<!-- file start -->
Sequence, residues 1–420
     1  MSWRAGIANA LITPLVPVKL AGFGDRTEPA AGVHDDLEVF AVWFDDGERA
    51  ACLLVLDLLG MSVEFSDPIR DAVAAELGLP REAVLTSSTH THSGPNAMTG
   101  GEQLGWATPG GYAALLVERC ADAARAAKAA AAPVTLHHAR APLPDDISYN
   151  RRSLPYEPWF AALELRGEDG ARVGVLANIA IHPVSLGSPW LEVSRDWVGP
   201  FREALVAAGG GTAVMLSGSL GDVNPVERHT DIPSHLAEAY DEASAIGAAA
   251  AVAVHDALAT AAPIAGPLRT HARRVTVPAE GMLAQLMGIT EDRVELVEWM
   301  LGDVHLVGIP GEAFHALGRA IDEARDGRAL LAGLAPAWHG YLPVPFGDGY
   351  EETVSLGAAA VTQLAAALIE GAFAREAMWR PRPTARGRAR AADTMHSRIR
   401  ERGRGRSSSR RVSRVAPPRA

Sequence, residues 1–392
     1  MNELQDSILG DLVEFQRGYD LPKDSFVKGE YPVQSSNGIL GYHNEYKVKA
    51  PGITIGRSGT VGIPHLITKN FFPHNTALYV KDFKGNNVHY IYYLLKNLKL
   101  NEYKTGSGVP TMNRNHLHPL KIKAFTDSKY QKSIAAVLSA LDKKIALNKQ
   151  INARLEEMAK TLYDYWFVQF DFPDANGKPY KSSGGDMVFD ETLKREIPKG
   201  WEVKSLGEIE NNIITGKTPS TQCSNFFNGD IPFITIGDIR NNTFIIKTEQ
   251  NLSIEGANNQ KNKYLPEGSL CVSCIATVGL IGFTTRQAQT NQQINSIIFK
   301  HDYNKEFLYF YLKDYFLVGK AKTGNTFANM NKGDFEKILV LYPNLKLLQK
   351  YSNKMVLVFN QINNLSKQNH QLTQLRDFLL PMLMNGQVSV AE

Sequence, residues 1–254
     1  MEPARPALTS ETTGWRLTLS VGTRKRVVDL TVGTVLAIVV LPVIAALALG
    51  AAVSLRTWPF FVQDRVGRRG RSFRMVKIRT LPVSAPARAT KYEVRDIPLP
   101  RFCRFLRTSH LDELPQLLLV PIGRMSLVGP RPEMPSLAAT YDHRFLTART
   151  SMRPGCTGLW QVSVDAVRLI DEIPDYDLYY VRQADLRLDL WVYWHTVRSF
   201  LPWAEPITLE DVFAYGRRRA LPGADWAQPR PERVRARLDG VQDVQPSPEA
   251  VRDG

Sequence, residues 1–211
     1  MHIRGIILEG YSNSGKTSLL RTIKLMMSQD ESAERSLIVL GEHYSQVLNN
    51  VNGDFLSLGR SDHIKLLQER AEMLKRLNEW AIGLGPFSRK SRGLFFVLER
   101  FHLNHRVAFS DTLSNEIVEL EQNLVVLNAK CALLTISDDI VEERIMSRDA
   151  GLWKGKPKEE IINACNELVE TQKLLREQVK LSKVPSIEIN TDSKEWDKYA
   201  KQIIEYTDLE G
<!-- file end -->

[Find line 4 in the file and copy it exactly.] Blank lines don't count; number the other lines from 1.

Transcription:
   101  GEQLGWATPG GYAALLVERC ADAARAAKAA AAPVTLHHAR APLPDDISYN